For some bands, it’s fun to argue what their best album is. Do you prefer Abbey Road, Revolver, or Sgt. Peppers? Siamese Dream or Mellon Collie? But other bands have a canonical best album that’s hard to debate against – does anyone not choose Straight Outta Compton or The Stone Roses as the best albums from their respective bands?
Despite a vast catalogue of 29 studio albums (plus a few legendary discontinued records) and a ton of hit singles, there’s a critical consensus that 1966’s Pet Sounds is The Beach Boys‘ best record, a highly personal work from Brian Wilson that captures him at the peak of his composing teenage symphonies to God. I’m not going to argue with the consensus, but The Beach Boys have many other worthwhile albums in their catalogue. Here are ten of my favourites from California’s Brian Wilson, Carl Wilson, Dennis Wilson, Mike Love, Al Jardine, and Bruce Johnston:
Summer Days (And Summer Nights!)
Often the mark of a good Beach Boys album is how much of it is contributed by the Wilsons, as opposed to the less talented members. There’s plenty of Brian Wilson genius on Summer Days – the singles ‘Help Me Rhonda’ and ‘California Girls’ are terrific, while there are also strong album cuts like ‘Let Him Run Wild’ and the Carl Wilson showcase ‘Girl Don’t Tell Me’, but it’s offset by Mike Love’s crassness on cuts like ‘Salt Lake City’ and ‘Amusement Parks U.S.A.’.
The Beach Boys Love You
Love You was initially intended as a solo debut for Brian Wilson, who provides most of the songs, instrumentation, and lead vocals. It’s an oddity in The Beach Boys’ catalogue – largely played by Wilson on synthesisers, it sounds off the cuff where most Beach Boys records are pristine and lovingly arranged. But it’s a fascinating insight into Wilson’s state of mind in the late 1970s, oscillating between childlike playfulness and devastating insightfulness.
After the underwhelming Carl and the Passions, The Beach Boys attempted to focus Brian Wilson by recording in the Netherlands. Wilson was still troubled, listening obsessively to Randy Newman’s Sail Away during the trip, but he was functional enough to contribute the opener ‘Sail On Sailor’. Carl provides the historical epic ‘The Trader’, and even Mike Love contributes the likeable ‘Big Sur’. It was the last satisfying group effort from The Beach Boys before the success of the Endless Summer compilation turned them into an oldies act.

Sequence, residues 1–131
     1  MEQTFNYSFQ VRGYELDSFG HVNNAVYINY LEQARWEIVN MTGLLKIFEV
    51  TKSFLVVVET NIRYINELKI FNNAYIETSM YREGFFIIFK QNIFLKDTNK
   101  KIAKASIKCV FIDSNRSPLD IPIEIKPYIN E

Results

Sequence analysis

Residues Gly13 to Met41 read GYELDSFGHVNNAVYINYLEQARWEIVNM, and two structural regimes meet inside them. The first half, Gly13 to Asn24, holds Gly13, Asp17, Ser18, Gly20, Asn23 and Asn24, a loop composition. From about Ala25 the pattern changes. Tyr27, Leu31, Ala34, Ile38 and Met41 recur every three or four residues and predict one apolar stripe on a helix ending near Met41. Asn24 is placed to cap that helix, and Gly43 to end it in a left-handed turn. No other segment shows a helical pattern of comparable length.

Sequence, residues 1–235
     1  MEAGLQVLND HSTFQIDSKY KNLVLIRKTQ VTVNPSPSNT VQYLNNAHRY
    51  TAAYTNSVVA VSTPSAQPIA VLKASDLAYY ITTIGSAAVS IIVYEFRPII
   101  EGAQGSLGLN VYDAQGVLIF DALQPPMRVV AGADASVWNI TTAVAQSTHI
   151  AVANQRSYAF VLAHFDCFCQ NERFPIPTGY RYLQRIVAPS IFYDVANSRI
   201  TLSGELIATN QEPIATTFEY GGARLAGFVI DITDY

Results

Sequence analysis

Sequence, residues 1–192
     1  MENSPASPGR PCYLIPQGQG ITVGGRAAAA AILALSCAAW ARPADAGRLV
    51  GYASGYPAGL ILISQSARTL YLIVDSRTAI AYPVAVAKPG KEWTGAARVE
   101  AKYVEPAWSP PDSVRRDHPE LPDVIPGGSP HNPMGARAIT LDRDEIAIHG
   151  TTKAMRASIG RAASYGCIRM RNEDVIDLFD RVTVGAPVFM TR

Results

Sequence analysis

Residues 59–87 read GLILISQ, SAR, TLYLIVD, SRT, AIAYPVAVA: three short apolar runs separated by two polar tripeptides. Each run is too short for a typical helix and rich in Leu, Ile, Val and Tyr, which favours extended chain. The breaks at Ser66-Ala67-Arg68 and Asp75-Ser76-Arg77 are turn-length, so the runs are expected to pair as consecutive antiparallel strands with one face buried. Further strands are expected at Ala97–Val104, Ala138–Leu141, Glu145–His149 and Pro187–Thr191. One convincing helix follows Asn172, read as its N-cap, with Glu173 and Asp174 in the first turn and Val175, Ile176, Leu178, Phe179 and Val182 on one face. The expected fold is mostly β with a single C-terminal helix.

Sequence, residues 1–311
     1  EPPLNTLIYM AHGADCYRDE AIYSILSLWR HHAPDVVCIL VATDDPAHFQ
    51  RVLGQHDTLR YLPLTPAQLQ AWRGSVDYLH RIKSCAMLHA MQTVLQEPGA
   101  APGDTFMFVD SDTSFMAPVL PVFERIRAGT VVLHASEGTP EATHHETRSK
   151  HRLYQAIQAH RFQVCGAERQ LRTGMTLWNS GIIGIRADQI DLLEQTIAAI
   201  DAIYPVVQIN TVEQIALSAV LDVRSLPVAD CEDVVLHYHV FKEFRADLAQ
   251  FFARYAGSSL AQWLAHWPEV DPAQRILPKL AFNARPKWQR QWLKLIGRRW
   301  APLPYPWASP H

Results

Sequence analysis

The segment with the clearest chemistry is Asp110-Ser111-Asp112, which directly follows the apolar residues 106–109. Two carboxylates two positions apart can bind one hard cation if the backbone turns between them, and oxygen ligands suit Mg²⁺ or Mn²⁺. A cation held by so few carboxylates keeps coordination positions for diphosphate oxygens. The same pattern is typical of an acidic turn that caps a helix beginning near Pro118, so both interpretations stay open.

The Beach Boys recorded the relatively straightforward Wild Honey at the height of psychedelia. It must have made them look anachronistic when The Beatles were making Sgt. Pepper and Magical Mystery Tour, but it holds up well, with the group handling most of the instruments themselves and Carl recording terrific lead vocals on songs like ‘Darlin” and a cover of Stevie Wonder’s ‘I Was Made To Love Her’.
All Summer Long
At only 25 minutes long, and containing filler like studio banter and an unremarkable guitar solo on ‘Carl’s Big Chance’, All Summer Long is a remnant of the era before the pop LP was considered the genre’s most important artifact. But there’s a lot of great material on All Summer Long– ‘I Get Around’ was the deserved hit single, but there are also terrific album tracks like ‘Girls On The Beach’ and ‘We’ll Run Away’.
It might be cheating including an unreleased, but widely bootlegged, album in this list, but Adult/Child is a fascinating part of the Beach Boys story. Brian Wilson launched into recording Adult/Child just five days after completing Love You, but instead of using synthesisers, he often utilised big band arrangements, reminiscent of Sinatra. The record company rejected it for being too strange, but it’s no stranger than Love You, and it feels more like a group effort, with lead vocals from all five Beach Boys.
Surf’s Up is a decidedly two paced record. You get divine music from the angels, like the beautiful title track (a Smile leftover), Brian’s ‘Til I Die’, and two of Carl’s best Beach Boys songs, ‘Feel Flows’ and ‘Long Promised Road’. But you also have to sit through atrocities like ‘Take Good Care Of Your Feet’ and Love’s doomed attempt at relevance on ‘Student Demonstration Time’.
The Beach Boys refocused at the beginning of the 1970s, after signing to Reprise Records. Sunflower went through a troubled genesis – there were enough leftover songs from the aborted attempts to form a bootleg named Landlocked. But the results were strong, a collaborative album with songs from Brian, Dennis, and Bruce Johnston, with Dennis Wilson’s tender ‘Forever’ perhaps the best known track.
The Smile Sessions
#2, recorded 1965-1971, released 2011
Smile was Brian Wilson’s ambitious followup to Pet Sounds, but it was beset with difficulties – Wilson became laden with addiction, superstition, and pressure from band mates, and was unable to complete the project, despite the massive success of single ‘Good Vibrations’. While many of the key songs turned up on later Beach Boys albums, and it was widely bootlegged, it wasn’t until Wilson’s 2004 re-recording of the project that there was a template for an official version, and it’s often spellbinding.
Side one of Today! is filled with pleasant songs, including ‘Do You Wanna Dance?’ and ‘When I Grow Up (To Be A Man)’. It’s the second side that’s truly spellbinding, a mini-suite that’s like an overlooked younger sibling of Pet Sounds, with great tunes like ‘Kiss Me Baby’, ‘Please Let Me Wonder’, and the doo-wop of ‘I’m So Young’, a stunning statement from a young Brian Wilson.
Did I leave out your favourite Beach Boys album? Was I too harsh on Mike Love? Let me know!